Stephen King on ‘It’ movie adaptation: ‘I was not prepared how good it was’
Pennywise the clown was first introduced in Stephen King’s 1968 horror novel “It,” and was given life by Tim Curry in the 1990 TV mini-series of the same name.
Twenty-seven years later, the malignant entity is back even more menacing than before and will make his big-screen debut in cinemas next week.
After viewing the sought-after film in advance twice, King couldn’t help but admit that the adaption certainly surpassed his expectations.
“I had hopes, but I was not prepared for how good it really was,” he revealed in a video blog for horror-film website Bloody Disgusting.
“It’s something that’s different, and at the same time, it’s something that audiences are gonna relate to. They’re gonna like the characters. To me, it’s all about character. If you like the characters… if you care… the scares generally work.”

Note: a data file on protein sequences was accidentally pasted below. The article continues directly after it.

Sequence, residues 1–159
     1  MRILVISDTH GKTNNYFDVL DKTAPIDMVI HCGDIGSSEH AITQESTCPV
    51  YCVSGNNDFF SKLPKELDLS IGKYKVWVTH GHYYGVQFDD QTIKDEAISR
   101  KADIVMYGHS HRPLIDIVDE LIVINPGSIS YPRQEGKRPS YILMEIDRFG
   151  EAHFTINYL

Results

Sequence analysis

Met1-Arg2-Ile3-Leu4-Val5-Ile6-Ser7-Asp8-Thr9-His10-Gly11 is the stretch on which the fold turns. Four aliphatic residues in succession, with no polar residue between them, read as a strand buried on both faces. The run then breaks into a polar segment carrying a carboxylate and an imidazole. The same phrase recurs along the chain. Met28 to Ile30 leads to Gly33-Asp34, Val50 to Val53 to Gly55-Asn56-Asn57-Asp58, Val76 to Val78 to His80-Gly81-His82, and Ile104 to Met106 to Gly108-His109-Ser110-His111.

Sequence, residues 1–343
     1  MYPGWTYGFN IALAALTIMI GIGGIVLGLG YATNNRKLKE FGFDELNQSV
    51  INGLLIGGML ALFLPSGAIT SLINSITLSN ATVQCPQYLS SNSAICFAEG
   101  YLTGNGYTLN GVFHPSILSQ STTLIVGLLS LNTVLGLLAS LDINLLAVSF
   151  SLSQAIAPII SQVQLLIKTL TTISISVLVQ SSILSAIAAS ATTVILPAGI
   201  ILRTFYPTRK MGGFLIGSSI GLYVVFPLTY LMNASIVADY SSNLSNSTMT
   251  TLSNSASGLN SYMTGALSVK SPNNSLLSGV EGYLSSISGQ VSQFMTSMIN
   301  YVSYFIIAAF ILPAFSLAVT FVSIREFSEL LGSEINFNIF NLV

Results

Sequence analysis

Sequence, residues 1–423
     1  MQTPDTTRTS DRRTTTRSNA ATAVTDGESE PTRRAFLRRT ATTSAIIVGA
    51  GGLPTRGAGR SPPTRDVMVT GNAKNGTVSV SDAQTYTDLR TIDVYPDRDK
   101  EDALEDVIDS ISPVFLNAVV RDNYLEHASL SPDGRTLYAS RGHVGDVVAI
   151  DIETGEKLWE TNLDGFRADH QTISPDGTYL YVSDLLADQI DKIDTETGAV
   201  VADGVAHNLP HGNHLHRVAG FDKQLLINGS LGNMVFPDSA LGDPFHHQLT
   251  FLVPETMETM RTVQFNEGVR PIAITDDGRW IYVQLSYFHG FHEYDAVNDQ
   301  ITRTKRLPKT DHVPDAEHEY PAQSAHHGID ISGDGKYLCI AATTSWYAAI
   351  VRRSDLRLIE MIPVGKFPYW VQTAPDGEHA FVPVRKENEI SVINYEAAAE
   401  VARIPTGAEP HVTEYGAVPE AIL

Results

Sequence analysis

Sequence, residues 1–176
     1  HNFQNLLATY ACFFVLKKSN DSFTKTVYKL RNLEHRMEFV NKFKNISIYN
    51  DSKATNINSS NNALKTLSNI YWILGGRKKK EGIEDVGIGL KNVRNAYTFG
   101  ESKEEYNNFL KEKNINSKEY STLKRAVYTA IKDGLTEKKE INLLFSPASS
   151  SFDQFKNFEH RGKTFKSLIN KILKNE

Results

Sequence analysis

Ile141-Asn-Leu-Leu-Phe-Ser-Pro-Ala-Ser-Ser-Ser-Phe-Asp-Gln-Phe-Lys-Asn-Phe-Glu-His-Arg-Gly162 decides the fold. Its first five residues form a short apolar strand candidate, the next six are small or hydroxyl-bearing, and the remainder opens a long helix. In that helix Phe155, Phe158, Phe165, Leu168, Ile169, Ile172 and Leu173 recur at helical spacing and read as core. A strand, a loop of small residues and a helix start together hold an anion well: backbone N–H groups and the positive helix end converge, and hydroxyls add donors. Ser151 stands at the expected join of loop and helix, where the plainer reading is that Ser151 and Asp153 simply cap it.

King’s seal of approval was evident when he put up an eerie red balloon—similar to the one in film—in the front of the window in his home in Maine.
“I’m sure my fans will enjoy the movie. I think they’re gonna really enjoy the movie,” the legendary novelist assured.
“And I think some of them will go back two or three times and actually savor the thing. I went back and saw it a second time, and I felt I was seeing things the second time through that I missed the first time,” he added.
King, meanwhile, has had a history being underwhelmed by movie adaptations of his novels in the past. Aside from “It,” his literary works “Carrie,” “The Shining,” “The Shawshank Redemption” and “The Dark Tower” were all given the Hollywood treatment. Khristian Ibarrola /ra